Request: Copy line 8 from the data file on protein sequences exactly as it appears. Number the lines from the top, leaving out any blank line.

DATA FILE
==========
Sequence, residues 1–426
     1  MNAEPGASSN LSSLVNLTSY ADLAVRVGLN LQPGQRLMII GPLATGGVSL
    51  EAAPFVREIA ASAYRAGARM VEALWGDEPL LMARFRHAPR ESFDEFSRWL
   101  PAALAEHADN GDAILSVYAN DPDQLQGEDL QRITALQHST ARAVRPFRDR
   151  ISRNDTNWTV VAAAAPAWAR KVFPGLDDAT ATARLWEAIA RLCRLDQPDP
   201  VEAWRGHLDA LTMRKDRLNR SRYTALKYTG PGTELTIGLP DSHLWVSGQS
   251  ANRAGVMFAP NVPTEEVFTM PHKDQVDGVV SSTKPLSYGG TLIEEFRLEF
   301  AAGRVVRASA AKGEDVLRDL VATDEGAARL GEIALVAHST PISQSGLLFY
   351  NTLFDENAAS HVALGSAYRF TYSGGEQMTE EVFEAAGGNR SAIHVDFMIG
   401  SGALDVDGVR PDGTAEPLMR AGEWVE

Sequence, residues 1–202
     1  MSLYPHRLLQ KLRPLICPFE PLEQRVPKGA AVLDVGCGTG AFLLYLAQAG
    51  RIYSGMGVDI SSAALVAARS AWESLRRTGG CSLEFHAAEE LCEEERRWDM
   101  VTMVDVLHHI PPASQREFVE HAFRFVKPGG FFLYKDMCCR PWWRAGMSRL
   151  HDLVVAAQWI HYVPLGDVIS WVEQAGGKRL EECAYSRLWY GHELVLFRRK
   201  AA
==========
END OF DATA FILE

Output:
   301  AAGRVVRASA AKGEDVLRDL VATDEGAARL GEIALVAHST PISQSGLLFY